RCA clean

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The RCA clean is a standard set of wafer cleaning steps which need to be performed before high-temperature processing steps (oxidation, diffusion, CVD) of silicon wafers in semiconductor manufacturing.

Werner Kern developed the basic procedure in 1965 while working for RCA, the Radio Corporation of America.[1][2][3] It involves the following chemical processes performed in sequence:

  1. Removal of the organic contaminants (organic clean + particle clean)
  2. Removal of thin oxide layer (oxide strip, optional)
  3. Removal of ionic contamination (ionic clean)

Standard recipe[edit]

The wafers are prepared by soaking them in deionized water. If they are grossly contaminated (visible residues), they may require a preliminary cleanup in piranha solution. The wafers are thoroughly rinsed with deionized water between each step.[2]

Ideally, the steps below are carried out by immersing the wafers in solutions prepared in fused silica or fused quartz vessels (borosilicate glassware must not be used, as its impurities leach out and cause contamination). Likewise it is recommended that the chemicals used are electronic grade (or "CMOS grade") to avoid impurities that will recontaminate the wafer.[2]

First step (SC-1): organic clean + particle clean[edit]

The first step (called SC-1, where SC stands for Standard Clean) is performed with a solution of (ratios may vary)[2]

at 75 or 80 °C[1] typically for 10 minutes. This base-peroxide mixture removes organic residues. Particles are also very effectively removed, even insoluble particles, since SC-1 modifies the surface and particle zeta potentials and causes them to repel.[4] This treatment results in the formation of a thin silicon dioxide layer (about 10 Angstrom) on the silicon surface, along with a certain degree of metallic contamination (notably iron) that will be removed in subsequent steps.

Second step (optional): oxide strip[edit]

The optional second step (for bare silicon wafers) is a short immersion in a 1:100 or 1:50 solution of aqueous HF (hydrofluoric acid) at 25 °C for about fifteen seconds, in order to remove the thin oxide layer and some fraction of ionic contaminants. If this step is performed without ultra high purity materials and ultra clean containers, it can lead to recontamination since the bare silicon surface is very reactive. In any case, the subsequent step (SC-2) dissolves and regrows the oxide layer.[2]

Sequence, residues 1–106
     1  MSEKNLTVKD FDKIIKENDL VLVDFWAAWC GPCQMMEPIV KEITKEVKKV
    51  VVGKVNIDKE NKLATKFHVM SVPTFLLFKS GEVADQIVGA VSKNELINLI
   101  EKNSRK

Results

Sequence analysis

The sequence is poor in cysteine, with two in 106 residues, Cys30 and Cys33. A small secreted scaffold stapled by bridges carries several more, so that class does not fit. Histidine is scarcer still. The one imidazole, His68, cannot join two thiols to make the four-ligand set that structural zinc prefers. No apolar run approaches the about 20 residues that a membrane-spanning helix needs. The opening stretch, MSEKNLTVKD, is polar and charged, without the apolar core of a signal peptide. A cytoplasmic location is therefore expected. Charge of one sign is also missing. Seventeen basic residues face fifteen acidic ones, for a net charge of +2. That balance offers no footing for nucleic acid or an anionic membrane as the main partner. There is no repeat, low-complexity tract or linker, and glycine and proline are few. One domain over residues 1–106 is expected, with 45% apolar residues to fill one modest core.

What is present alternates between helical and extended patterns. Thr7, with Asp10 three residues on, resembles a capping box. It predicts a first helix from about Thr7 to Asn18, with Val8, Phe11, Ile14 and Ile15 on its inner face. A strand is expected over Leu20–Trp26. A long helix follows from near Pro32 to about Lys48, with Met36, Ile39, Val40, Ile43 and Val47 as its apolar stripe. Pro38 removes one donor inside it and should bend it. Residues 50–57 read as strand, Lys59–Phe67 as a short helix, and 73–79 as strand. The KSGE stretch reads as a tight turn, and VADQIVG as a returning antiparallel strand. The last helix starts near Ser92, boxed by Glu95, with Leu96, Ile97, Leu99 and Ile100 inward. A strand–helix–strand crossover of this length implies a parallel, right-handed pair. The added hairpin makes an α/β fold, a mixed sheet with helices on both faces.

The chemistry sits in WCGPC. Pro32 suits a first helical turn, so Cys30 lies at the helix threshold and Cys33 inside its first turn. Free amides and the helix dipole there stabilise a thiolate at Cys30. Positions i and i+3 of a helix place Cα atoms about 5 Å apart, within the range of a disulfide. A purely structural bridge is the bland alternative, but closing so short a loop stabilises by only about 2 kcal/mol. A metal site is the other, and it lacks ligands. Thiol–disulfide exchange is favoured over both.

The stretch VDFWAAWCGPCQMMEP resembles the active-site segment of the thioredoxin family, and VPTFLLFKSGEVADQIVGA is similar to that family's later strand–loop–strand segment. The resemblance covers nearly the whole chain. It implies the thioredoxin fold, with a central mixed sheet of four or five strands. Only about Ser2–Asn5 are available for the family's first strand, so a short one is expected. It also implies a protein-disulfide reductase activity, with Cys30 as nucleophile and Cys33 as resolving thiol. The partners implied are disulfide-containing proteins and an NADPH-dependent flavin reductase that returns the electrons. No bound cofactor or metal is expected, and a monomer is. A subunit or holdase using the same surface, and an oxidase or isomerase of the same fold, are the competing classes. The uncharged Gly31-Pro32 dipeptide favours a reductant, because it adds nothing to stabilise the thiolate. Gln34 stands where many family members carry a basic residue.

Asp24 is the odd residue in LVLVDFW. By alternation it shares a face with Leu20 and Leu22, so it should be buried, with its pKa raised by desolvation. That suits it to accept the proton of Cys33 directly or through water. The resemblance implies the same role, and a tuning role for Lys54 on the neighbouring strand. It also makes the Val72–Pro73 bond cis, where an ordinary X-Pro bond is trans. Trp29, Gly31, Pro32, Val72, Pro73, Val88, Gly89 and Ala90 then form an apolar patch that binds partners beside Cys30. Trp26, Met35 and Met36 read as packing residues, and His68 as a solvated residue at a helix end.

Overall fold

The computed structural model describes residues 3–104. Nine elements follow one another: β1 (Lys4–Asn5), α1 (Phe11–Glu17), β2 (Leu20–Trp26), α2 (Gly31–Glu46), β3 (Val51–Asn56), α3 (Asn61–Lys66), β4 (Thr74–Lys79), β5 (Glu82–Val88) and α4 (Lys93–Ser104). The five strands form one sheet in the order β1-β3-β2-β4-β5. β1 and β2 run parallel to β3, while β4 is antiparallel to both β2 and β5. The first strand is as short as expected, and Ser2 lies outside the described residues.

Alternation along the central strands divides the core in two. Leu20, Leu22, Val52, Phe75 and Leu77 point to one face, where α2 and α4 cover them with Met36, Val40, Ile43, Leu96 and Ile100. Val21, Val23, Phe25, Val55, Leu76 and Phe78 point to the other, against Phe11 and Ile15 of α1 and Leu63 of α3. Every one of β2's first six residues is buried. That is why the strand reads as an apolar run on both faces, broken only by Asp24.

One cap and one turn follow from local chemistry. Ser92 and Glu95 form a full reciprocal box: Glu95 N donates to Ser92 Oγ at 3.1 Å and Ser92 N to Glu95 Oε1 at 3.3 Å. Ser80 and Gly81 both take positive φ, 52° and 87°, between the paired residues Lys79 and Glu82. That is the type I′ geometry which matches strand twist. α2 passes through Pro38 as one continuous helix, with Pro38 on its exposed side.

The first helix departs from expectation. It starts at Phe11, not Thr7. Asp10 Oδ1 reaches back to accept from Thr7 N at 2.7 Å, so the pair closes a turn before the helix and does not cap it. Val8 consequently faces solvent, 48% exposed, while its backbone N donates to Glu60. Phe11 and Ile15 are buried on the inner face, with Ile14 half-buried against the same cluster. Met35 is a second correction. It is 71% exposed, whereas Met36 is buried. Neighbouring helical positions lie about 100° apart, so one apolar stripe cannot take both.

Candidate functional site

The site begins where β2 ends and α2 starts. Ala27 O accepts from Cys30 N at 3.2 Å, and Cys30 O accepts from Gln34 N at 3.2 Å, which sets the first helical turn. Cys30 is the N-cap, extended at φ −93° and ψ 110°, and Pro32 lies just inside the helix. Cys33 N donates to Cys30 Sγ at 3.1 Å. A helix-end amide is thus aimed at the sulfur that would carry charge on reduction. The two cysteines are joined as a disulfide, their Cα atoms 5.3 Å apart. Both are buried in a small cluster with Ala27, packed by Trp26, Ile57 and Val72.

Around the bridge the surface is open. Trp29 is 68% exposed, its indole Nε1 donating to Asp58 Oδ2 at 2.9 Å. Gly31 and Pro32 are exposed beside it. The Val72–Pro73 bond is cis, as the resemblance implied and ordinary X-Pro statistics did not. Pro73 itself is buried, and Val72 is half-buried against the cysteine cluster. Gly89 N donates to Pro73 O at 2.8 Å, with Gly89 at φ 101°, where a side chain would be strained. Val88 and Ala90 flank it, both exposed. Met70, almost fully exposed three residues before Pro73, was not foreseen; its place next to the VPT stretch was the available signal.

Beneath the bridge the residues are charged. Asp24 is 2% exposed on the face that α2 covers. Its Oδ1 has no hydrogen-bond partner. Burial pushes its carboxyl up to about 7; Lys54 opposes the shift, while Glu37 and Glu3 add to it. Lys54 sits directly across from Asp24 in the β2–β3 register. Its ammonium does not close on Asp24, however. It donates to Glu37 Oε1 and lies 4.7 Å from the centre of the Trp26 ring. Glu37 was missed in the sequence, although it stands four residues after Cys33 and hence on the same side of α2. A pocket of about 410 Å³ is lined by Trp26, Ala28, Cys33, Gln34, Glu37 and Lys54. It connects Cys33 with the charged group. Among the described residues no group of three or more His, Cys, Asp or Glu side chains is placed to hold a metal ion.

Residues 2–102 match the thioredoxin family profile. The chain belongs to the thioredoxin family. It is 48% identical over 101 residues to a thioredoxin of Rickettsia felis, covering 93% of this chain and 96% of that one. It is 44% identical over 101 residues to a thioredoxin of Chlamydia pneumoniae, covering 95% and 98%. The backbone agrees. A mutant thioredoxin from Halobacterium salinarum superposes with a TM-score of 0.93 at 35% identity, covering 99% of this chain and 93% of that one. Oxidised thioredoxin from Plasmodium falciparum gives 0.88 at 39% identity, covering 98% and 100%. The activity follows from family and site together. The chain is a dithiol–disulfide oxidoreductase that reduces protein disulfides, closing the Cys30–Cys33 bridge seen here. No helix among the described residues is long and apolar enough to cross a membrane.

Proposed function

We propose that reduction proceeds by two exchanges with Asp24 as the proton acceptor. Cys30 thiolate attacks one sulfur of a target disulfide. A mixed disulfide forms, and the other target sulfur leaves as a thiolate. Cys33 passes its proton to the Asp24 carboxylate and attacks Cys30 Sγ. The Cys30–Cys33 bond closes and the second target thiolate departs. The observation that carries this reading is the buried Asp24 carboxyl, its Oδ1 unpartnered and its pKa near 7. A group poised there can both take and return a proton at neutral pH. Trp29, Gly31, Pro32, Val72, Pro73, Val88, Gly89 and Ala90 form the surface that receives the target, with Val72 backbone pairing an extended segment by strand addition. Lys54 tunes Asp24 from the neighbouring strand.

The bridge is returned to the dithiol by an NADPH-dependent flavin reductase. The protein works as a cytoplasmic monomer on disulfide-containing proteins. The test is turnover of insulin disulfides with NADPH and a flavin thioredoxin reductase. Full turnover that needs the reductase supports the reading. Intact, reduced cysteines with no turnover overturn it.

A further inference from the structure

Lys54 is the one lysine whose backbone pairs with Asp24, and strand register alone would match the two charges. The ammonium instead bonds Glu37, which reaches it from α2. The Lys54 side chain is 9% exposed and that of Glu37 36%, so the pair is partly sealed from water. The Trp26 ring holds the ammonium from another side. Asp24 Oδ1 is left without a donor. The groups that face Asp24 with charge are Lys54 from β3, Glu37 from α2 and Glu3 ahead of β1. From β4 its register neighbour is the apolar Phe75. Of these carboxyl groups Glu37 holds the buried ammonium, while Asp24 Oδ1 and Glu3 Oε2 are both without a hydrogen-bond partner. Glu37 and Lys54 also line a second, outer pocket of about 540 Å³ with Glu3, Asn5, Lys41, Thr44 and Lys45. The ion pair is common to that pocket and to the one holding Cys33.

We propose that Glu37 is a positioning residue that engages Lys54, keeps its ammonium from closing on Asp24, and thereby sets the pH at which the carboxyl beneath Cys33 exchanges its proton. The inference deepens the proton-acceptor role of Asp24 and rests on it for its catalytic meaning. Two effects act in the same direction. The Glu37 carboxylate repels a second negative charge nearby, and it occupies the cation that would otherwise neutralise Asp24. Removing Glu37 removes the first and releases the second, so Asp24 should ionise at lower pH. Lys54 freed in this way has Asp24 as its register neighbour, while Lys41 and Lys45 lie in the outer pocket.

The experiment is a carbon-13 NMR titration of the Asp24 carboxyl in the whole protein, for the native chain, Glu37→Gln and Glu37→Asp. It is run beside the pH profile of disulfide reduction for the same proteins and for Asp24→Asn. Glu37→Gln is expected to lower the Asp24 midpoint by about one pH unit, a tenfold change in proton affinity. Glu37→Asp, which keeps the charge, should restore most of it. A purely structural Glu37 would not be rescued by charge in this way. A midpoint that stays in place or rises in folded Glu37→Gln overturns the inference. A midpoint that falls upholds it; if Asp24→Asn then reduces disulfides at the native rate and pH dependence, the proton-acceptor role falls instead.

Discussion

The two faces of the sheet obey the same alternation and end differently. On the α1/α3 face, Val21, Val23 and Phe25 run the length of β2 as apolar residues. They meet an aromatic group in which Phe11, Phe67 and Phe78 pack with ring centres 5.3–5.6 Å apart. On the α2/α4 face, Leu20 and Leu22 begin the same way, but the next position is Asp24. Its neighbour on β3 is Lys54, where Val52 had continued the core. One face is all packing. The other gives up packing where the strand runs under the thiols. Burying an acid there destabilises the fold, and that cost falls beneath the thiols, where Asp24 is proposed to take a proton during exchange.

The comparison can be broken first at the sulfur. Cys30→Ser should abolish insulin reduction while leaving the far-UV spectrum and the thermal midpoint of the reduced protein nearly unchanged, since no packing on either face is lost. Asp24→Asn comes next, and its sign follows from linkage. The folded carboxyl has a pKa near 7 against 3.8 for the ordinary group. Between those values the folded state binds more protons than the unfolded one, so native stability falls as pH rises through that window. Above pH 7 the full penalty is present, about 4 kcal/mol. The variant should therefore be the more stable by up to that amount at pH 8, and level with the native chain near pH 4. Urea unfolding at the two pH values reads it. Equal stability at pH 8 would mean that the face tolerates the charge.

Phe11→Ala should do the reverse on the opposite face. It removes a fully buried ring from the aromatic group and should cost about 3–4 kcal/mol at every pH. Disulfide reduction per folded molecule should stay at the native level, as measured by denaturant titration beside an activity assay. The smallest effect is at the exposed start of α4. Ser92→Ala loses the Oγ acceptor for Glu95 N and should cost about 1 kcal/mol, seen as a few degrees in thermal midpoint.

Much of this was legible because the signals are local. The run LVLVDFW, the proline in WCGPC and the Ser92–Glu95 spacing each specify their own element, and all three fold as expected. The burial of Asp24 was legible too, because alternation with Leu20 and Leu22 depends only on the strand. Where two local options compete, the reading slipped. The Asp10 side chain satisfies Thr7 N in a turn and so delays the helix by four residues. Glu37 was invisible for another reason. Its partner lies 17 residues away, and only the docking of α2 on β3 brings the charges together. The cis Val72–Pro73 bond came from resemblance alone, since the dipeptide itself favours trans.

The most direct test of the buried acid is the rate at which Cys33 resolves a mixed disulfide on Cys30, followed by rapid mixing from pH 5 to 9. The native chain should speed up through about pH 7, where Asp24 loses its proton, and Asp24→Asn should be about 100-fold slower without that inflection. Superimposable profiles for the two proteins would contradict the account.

Third step (SC-2): ionic clean[edit]

The third and last step (called SC-2) is performed with a solution of (ratios may vary)[2]

at 75 or 80 °C, typically for 10 minutes. This treatment effectively removes the remaining traces of metallic (ionic) contaminants, some of which were introduced in the SC-1 cleaning step.[1] It also leaves a thin passivizing layer on the wafer surface, which protects the surface from subsequent contamination (bare exposed silicon is contaminated immediately).[2]

Fourth step: rinsing and drying[edit]

Provided the RCA clean is performed with high-purity chemicals and clean glassware, it results in a very clean wafer surface while the wafer is still submersed in water. The rinsing and drying steps must be performed correctly (e.g., with flowing water) since the surface can be easily recontaminated by organics and particulates floating on the surface of water. A variety of procedures can be used to rinse and dry the wafer effectively.[2]


The first step in the ex situ cleaning process is to ultrasonically degrease the wafer in trichloroethylene, acetone and methanol.[5]

See also[edit]

Notes and references[edit]

  1. ^ a b c RCA Clean, materials at Colorado School of Mines
  2. ^ a b c d e f g h Kern, W. (1990). "The Evolution of Silicon Wafer Cleaning Technology". Journal of the Electrochemical Society. 137 (6): 1887–1892. doi:10.1149/1.2086825. 
  3. ^ W. Kern and D. A. Puotinen: RCA Rev. 31 (1970) 187.
  4. ^ Itano, M.; Kern, F. W.; Miyashita, M.; Ohmi, T. (1993). "Particle removal from silicon wafer surface in wet cleaning process". IEEE Transactions on Semiconductor Manufacturing. 6 (3): 258. doi:10.1109/66.238174. 
  5. ^ Rudder, Ronald; Thomas, Raymond; Nemanich, Robert (1993). "Chapter 8: Remote Plasma Processing for Silicon Wafer Cleaning". In Kern, Werner. Handbook of Semiconductor Wafer Cleaning Technology. Noyes Publications. pp. 356–357. ISBN 0-8155-1331-3. 

External links[edit]